208.00 +2.44 (1.19%)
Before hours: 5:32AM EDT
|Bid||207.00 x 1100|
|Ask||208.00 x 1100|
|Day's Range||196.83 - 206.32|
|52 Week Range||130.85 - 250.46|
|Beta (5Y Monthly)||1.47|
|PE Ratio (TTM)||11.13|
|Earnings Date||Jul. 15, 2020|
|Forward Dividend & Yield||5.00 (2.43%)|
|Ex-Dividend Date||May 29, 2020|
|1y Target Est||236.08|
Market participants are bracing for the start of what will likely be the weakest corporate earnings season since the global financial crisis, as the coronavirus pandemic and measures to contain it hit business activity especially hard in the second quarter.
The dollar has weakened in early European trade Monday, with investors turning to risk-sensitive currencies amid optimism over the upcoming earnings season even as the Covid-19 outbreak rages on. Goldman Sachs (NYSE:GS) has become a little more optimistic on earnings prospects for the S&P 500 Index this year, lifting its baseline forecast for S&P 500 earnings per share in 2020 to $115, up from a prior estimate of $110. The World Health Organization reported a record 230,370 new cases in 24 hours on Sunday.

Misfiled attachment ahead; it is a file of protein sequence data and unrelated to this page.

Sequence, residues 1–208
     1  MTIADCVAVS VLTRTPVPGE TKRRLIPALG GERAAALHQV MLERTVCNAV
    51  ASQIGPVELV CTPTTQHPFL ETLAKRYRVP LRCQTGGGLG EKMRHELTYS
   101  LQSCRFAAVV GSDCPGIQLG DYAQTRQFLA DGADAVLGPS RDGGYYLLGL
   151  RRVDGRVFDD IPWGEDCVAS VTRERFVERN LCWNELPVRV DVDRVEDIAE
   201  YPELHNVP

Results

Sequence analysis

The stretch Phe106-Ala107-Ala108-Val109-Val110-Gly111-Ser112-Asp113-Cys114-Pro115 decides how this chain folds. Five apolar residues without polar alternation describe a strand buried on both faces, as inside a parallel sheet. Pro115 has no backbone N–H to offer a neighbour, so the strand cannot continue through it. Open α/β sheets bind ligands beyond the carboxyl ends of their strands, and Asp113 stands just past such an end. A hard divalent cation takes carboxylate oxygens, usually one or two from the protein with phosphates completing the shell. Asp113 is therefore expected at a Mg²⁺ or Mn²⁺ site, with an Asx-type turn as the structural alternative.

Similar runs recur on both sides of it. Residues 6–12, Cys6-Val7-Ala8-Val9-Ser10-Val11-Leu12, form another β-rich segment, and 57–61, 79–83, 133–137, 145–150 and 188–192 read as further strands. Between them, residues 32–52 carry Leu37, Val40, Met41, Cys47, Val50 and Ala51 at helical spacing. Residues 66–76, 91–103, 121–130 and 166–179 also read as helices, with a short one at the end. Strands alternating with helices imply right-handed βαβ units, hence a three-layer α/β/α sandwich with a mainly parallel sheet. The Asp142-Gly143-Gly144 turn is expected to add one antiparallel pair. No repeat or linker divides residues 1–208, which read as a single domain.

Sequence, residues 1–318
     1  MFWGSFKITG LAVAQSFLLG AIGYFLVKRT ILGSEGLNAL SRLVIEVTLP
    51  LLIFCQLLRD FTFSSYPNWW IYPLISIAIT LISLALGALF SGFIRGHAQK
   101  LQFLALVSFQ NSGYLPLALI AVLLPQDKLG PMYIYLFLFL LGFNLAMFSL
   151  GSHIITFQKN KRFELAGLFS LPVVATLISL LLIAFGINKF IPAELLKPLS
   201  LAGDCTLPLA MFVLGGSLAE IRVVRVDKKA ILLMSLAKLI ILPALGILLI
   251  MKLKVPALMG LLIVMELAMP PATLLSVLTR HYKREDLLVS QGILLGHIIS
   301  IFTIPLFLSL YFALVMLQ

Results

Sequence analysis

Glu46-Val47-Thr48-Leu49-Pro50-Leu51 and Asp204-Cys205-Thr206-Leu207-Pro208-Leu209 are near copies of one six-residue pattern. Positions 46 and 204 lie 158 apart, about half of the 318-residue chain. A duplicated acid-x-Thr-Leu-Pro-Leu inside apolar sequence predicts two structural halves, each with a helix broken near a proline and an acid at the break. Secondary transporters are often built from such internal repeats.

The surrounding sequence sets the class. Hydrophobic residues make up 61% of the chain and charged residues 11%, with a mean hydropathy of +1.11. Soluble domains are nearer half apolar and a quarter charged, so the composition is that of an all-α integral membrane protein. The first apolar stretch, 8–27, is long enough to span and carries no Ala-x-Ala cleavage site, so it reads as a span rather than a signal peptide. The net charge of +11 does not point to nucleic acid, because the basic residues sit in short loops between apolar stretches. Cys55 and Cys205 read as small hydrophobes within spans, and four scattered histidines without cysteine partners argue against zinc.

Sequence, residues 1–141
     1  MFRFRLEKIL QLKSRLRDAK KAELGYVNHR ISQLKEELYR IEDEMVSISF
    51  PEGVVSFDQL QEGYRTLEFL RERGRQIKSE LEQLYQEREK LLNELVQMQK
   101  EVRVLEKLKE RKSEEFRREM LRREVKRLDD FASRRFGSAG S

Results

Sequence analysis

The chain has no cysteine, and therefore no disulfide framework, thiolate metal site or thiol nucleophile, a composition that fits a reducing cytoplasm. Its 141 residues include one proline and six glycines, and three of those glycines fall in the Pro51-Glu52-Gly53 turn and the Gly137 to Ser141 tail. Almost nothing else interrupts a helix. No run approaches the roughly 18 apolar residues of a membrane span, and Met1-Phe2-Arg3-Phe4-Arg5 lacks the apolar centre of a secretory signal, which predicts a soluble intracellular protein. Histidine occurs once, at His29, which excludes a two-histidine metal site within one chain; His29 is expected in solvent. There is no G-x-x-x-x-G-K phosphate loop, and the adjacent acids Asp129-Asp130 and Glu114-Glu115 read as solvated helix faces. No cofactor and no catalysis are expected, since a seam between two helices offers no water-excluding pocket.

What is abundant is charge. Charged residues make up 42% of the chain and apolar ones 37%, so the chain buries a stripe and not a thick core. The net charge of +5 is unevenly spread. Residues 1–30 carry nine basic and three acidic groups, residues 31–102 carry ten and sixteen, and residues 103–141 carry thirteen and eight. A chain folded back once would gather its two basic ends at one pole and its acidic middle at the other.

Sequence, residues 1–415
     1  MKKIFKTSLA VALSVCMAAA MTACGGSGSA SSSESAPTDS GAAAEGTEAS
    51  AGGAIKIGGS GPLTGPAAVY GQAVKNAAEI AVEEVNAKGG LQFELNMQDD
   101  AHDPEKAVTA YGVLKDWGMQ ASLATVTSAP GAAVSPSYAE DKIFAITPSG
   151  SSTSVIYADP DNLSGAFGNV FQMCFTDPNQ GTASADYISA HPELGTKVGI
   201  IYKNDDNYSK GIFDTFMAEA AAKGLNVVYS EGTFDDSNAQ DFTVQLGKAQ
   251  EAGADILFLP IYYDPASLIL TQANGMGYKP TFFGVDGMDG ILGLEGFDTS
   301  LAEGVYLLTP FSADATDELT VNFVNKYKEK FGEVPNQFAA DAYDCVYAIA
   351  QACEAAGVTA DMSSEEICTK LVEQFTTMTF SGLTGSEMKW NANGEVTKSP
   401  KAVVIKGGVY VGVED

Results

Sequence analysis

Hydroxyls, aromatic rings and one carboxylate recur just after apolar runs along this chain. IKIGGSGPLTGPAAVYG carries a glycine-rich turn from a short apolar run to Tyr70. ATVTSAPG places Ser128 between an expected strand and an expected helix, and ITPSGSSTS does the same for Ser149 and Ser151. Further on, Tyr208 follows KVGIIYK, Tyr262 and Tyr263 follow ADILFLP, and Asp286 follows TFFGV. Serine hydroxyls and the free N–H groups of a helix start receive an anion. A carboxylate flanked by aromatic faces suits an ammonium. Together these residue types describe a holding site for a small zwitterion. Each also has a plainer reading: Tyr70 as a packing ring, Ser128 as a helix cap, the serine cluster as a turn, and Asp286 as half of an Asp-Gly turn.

(Bloomberg Opinion) -- China is building tens of thousands of 5G base stations every week. Whether it wins technological dominance or not, domestic supply chains may be revived and allow the country to maintain – and advance — its position as the factory floor of the world, even as Covid-19 forces a rethink in how globalization is done. By the end of this year, China will have more than half a million of these towers on its way to a goal of 5 million, a fast climb from around 200,000 already in use, enabling faster communication for hundreds of millions of smartphone users. By comparison, South Korea has a nearly 10% penetration rate for 5G usage, the highest globally. The much-smaller country had 115,000 such stations operating as of April.The towers are part of a raft of projects that the State Council announced last week to boost industrial innovation under the “New Infrastructure” campaign aimed at furthering “the deep integration of the Internet of Things” and the real economy. With an aim of spending $1.4 trillion by 2025, the aggressive buildup toward a more automated industrial landscape will give China a renewed advantage where it already dominates: manufacturing. The coronavirus shut down factories and industrial sectors, triggering a rethink of supply chains – away from China. What analysts are calling “peak” globalization and the rise of factory automation could shift production to higher-cost countries in North America and Southeast Asia. It will take a while, but the global dependence on China will come down, the thinking goes. Still, with trade ravaged by Covid-19, other countries and telecom operators will struggle to match China’s spending.For China, there’s an opportunity to clear the way to forcefully implement its industrial policy agenda, without interference from criticism over subsidies and unfair competition. The so-called Central Comprehensively Deepening Reforms Commission, headed by President Xi Jinping, has approved a three-year plan to give state-owned enterprises yet more sway in the economy.Beijing’s ambitious programs are still in the construction phase. Macro base stations are the nuts and bolts of building out 5G networks, and will exceed their 4G predecessors by almost 1.5 times. Capital expenditure could peak at $30 billion this year, according to Goldman Sachs Group Inc. analysts, up from $5 billion last year. Beijing wants more local governments and companies to get involved. Each station costs around 500,000 yuan ($71,361) and has a long value chain that includes electrical components, semiconductors, antenna units and circuit boards. The vast number of companies spawned by the project are all contributing to China’s push to get ahead. For the industrial complex, the onset of 5G will enable greater connectivity between machines and much more data transfer and collection. Fifth-generation technology is expected to have a big impact through increasingly efficient and automated factory equipment, and tracking the movement of inventory and progress of production lines and assets. Manufacturing is expected to account for almost 40% of 5G-enabled industry output, according to Bernstein Research analysts.From sensors and data clouds, to chips and collaborative robots and computer-controlled machinery, a whole universe of little-known Chinese companies is coming to the fore. Memory chip maker Gigadevice Semiconductor (Beijing) Inc. has ridden the trend, as has Yonyou Network Technology Co., China’s version of Salesforce.com Inc. For some of these companies, government subsidies are a significant part of earnings, as my colleague Shuli Ren has noted. Stock prices have surged in recent months for firms like Shennan Circuits Co., which makes printed circuit boards, and Maxscend Microelectronics Co., a manufacturer of radio frequency chips. Some are seeing their market capitalization values balloon by billions of dollars as Beijing has upped the ante on new infrastructure. To be sure, it isn’t hard to imagine a hinterland speckled with ghost towers and base stations in coming years as China's propensity to overbuild beyond any reasonable capacity kicks in. The past shows that questions of quality will arise when too many sub-par manufacturers crop up, incentivized by the state’s largesse. Nonetheless, this is the technology of the not-so-distant future, and building up the basic infrastructure isn’t misguided. As Covid-19 absorbs the world’s attention, Beijing’s steady focus on implementing this industrial policy may make China the manufacturer of parts that most countries will need – soon. In other words, it will yet again become the factory floor, mastering the production of all things 5G.This column does not necessarily reflect the opinion of the editorial board or Bloomberg LP and its owners.Anjani Trivedi is a Bloomberg Opinion columnist covering industrial companies in Asia. She previously worked for the Wall Street Journal. For more articles like this, please visit us at bloomberg.com/opinionSubscribe now to stay ahead with the most trusted business news source.©2020 Bloomberg L.P.